Berkeley professor of physics Richard Muller expresses his disgust at what, (in my view), can only be described as the scientific fraud behind the signature image of global warming alarmism, the Hockey Stick.

For the record, Professor Muller in not a "climate denier," (and has there ever been a more egregious example of dishonest smearing of opponents than this absurd and idiotic term?).

As do we all, he accepts that carbon dioxide is indeed a greenhouse gas and that human beings increasing the amount of that gas in the atmosphere must have some effect.

Not that that is the question at issue, (though you wouldn't think so going by the hysterical carry-on of the alarmists). The question is simply this - what will be the effect of a doubling of CO2 over pre-industrial levels, ie what is the 'climate sensitivity' of CO2?

The answer is that we really don't know, but that there is precious little (if any) evidence to justify the irrational panic that has become associated with climate change.

Watch and make up your own minds, but I'll ask you this: after watching it, will you ever trust the core group of climate scientists associated with the Climategate scandal again?

For me, the answer to that question has to be no.

Are we just turkeys, looking forward to Christmas?

Hat tip to Correllio

In many ways a depressing read below. We have a bunch of incompetents running this country who apparently have drunk their own Kool-aid and have started to believe their own spin.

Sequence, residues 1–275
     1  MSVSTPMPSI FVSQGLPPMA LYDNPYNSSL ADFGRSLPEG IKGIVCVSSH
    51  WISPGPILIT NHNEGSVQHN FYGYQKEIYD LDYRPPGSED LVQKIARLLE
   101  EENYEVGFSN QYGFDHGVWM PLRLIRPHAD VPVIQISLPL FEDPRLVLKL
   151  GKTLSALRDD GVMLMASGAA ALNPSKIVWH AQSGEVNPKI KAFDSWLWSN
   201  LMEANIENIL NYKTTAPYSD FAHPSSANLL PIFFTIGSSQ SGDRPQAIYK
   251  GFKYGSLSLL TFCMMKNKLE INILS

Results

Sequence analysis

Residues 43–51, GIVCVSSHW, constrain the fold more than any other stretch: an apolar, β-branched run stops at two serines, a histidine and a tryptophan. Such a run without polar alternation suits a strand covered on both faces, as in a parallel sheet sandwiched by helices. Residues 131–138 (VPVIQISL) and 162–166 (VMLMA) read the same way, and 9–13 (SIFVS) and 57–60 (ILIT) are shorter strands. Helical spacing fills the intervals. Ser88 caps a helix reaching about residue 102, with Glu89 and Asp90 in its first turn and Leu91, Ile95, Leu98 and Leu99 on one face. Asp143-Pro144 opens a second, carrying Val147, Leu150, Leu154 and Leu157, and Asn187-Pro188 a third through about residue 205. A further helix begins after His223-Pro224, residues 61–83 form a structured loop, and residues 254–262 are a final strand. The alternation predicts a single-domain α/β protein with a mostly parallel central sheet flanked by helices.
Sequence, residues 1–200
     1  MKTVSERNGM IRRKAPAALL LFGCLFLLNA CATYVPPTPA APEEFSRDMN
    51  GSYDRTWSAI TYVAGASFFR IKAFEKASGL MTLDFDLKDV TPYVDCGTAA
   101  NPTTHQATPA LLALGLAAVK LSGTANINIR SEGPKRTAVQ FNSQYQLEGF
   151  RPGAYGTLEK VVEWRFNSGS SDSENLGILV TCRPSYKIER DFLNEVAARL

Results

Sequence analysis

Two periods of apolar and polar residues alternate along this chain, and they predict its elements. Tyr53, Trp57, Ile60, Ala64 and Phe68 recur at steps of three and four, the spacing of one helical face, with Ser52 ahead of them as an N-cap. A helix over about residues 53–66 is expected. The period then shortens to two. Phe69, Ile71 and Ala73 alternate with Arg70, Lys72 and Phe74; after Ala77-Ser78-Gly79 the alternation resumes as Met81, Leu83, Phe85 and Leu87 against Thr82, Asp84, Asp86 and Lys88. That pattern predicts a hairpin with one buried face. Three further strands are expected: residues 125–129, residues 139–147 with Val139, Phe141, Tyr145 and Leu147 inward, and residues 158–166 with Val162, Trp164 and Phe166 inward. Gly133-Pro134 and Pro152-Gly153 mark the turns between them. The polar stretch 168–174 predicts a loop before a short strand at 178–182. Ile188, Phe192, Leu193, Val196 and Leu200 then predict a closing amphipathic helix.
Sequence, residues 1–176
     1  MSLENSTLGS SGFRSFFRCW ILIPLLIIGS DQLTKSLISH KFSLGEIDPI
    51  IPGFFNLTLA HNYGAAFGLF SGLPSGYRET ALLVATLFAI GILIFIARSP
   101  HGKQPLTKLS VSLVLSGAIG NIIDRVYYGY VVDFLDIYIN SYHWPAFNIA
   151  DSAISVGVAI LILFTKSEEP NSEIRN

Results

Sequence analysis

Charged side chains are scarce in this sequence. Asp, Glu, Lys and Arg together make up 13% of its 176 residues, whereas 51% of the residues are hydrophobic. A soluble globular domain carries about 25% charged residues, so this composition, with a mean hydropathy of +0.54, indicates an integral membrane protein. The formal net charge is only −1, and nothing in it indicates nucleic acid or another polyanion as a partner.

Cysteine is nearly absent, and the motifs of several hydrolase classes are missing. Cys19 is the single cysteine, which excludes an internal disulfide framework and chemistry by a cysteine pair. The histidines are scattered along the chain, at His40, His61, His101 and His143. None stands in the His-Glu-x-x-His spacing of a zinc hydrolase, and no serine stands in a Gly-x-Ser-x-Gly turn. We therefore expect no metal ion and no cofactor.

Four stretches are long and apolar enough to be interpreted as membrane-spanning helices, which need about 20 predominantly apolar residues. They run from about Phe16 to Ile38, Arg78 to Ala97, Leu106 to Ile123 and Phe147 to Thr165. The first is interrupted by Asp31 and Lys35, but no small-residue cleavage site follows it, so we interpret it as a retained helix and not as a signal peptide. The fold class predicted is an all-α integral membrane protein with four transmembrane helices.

Witness Ms Gillard and Professor Garnaut's bizarre efforts at trying to spin the lie that China is racing to embrace the fluffy future of wind farms and solar panels that harvest the Sun's love for free.

The reality? Coal. Lots and lots of coal. And before any greenies get too excited about the multiple meltdowns at Japan's Fukushima nuclear facility, consider this - China did have plans to greatly increase the amount of electricity generated by nuclear power, but those plans are now in doubt.

How do you think it is going to make up any power shortfall if it does abandon or scale back those plans? One word: coal. Lots and lots of coal.

All the while as we and others consider cutting our own throats. Here is the remarkable comment from the head of the UK's National Grid, Steve Holliday, on the practical effect of increasingly relying on renewables to supply the nation's power: Families would have to get used to only using power when it was available.

Think about that for a moment: "only when it was available." So we face a future, thanks to the Greens (and now Labor it seems), where you might go to turn your airconditioning on during a stinking hot Perth summer's day, only to find that there's no power available to run it. Or that we've ended up like Manila, being subject to a rolling series of blackouts and brownouts.